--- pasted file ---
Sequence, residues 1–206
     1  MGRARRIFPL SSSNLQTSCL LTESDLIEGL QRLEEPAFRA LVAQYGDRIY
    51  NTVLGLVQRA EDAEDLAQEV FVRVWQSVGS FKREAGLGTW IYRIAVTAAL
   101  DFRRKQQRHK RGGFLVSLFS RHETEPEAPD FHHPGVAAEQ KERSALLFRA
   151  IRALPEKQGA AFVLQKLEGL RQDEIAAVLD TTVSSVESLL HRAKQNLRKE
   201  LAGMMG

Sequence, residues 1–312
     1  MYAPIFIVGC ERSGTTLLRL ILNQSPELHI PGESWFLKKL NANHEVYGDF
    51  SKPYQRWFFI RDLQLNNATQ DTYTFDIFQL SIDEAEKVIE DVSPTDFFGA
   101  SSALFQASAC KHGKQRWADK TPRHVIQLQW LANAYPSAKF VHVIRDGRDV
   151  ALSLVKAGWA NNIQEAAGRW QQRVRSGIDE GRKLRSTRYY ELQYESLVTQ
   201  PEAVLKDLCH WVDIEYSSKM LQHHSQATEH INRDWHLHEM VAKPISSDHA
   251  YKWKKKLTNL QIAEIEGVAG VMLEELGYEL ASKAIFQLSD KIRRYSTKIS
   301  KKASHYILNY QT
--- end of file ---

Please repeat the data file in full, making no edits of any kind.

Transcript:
Sequence, residues 1–206
     1  MGRARRIFPL SSSNLQTSCL LTESDLIEGL QRLEEPAFRA LVAQYGDRIY
    51  NTVLGLVQRA EDAEDLAQEV FVRVWQSVGS FKREAGLGTW IYRIAVTAAL
   101  DFRRKQQRHK RGGFLVSLFS RHETEPEAPD FHHPGVAAEQ KERSALLFRA
   151  IRALPEKQGA AFVLQKLEGL RQDEIAAVLD TTVSSVESLL HRAKQNLRKE
   201  LAGMMG

Sequence, residues 1–312
     1  MYAPIFIVGC ERSGTTLLRL ILNQSPELHI PGESWFLKKL NANHEVYGDF
    51  SKPYQRWFFI RDLQLNNATQ DTYTFDIFQL SIDEAEKVIE DVSPTDFFGA
   101  SSALFQASAC KHGKQRWADK TPRHVIQLQW LANAYPSAKF VHVIRDGRDV
   151  ALSLVKAGWA NNIQEAAGRW QQRVRSGIDE GRKLRSTRYY ELQYESLVTQ
   201  PEAVLKDLCH WVDIEYSSKM LQHHSQATEH INRDWHLHEM VAKPISSDHA
   251  YKWKKKLTNL QIAEIEGVAG VMLEELGYEL ASKAIFQLSD KIRRYSTKIS
   301  KKASHYILNY QT